It isn’t sexist to suggest Emily Thornberry is a little bit rubbish
Dermot Murnaghan interviewing the shadow foreign secretary. Pretty bog standard stuff, routine for a front bench MP. It should have been be oh-so-easy, a matter of A,B,C. But Emily Thornberry happened.
Murnaghan threw Thornberry an off-hand question as they discussed foreign issues in the headlines. ‘What is the name of the French foreign minister?’
Now it is not a crime to not know this. I did not know this, most journalists most likely did not know this off of the top of their heads. And Ms Thornberry could be forgiven for not immediately knowing it too. After all, it was not what she was expecting to be asked about, and a politician can only absorb so much briefing material prior to an interview.
What a capable politician caught on the such a hop would do follows along the lines of, ‘You know what Dermot, I have not memorized everything just yet, I’m taking a leaf out of Boris book’. Humour. Laugh it off, hold your hands up to not immediately knowing the answer and move on. As I say, easy. Any fool can do it, you don’t really need to have political training to manage.
But Emily Thornberry decided to adopt another approach: accuse Murnaghan of ‘sexism’.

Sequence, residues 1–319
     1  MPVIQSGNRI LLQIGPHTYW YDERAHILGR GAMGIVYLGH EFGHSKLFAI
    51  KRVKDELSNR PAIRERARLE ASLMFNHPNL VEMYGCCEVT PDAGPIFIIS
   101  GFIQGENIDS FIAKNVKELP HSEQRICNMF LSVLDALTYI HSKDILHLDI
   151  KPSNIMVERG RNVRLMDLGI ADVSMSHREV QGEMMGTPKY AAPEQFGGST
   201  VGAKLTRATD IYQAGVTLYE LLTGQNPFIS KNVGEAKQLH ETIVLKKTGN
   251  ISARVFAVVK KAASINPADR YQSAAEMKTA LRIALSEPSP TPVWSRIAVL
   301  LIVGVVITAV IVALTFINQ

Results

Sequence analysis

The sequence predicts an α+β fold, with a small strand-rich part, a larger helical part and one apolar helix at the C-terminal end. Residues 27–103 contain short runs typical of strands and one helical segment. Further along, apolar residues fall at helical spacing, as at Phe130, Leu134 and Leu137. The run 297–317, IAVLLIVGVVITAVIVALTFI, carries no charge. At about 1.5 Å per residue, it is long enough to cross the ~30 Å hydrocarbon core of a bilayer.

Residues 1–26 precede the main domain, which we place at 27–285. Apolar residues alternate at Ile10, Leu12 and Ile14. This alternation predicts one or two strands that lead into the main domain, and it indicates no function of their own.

Is it sexist or patronising for a Sky News anchor to ask our shadow foreign secretary for the names of people she would have to work with if she were to win office?
No. But Emily does not let this get in the way of the only defence she could think of.
Not sufficient with this Thornberry proceeded to demand Dermot ask her ‘serious’ questions. She suggested he ask her about North Korea and the nuclear issue. Fair enough, so Dermot asked her what the name of the South Korean president was, and which gender the SK President was (worth noting, Park Geun-hye is the first woman to lead South Korea). Thornberry decided ‘in for a penny in for a pound’ was the best approach and upped the anti even further. “I am not getting drawn by you on this nonsense”.
Now, the media is full of sexist and mysogynist representations of women, and demeaning junk too. But asking the shadow foreign secretary to name colleagues she would potentially have to work with if in office does not qualify.
Let me put it this way: if Dermot had asked her about Strictly Come Dancing or the Great British Bake-off, that would be sexist. But females in politics and society have worked for decades to ensure male journalists ask them serious questions. Emily Thornberry demonstrated with her tirade that, sadly, she in particular would prefer not to be handed hard questions.
Murnaghan treated Thornberry as a politician, not a ‘female politician’ or just as a ‘woman’ involving herself in the male game of politics. But instead she lost her cool, flunked the interview and proved totally unable to handle the pressure.
The whole sorry affair damages women in politics and society; untrue accusations of ‘sexism’ is damaging. It detracts from real life examples.
Naming Jean-Marc Ayrault or not – she can’t keep her cool in an interview, and it is not sexist to point that out. Facts are, Emily Thornberry is just a little bit rubbish. Her gender is neither here nor there.